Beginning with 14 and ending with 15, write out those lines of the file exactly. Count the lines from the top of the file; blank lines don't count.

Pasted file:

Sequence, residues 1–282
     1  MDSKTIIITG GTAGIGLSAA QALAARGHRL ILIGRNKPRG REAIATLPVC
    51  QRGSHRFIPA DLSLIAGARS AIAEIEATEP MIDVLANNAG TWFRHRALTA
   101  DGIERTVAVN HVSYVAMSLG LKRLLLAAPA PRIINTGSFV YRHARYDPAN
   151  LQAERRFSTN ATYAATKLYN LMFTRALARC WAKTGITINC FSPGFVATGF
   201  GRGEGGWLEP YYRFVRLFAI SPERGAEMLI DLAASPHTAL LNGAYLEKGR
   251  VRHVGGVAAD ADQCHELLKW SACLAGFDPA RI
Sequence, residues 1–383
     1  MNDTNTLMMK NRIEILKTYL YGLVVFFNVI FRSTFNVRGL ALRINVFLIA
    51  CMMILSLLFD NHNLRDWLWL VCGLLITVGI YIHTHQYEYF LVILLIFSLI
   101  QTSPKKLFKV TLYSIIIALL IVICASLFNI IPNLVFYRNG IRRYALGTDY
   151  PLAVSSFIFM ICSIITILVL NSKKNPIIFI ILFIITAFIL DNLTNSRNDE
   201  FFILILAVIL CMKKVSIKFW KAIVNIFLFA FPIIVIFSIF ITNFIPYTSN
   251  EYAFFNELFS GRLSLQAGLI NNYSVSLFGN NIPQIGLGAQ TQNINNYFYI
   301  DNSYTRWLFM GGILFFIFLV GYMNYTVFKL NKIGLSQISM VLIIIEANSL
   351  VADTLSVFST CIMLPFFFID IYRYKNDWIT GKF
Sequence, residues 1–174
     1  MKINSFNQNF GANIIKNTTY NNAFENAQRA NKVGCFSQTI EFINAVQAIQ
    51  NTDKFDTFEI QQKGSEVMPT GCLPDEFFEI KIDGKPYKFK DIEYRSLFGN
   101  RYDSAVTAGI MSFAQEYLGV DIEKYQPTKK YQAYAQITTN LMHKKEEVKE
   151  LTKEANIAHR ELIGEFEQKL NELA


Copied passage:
   251  EYAFFNELFS GRLSLQAGLI NNYSVSLFGN NIPQIGLGAQ TQNINNYFYI
   301  DNSYTRWLFM GGILFFIFLV GYMNYTVFKL NKIGLSQISM VLIIIEANSL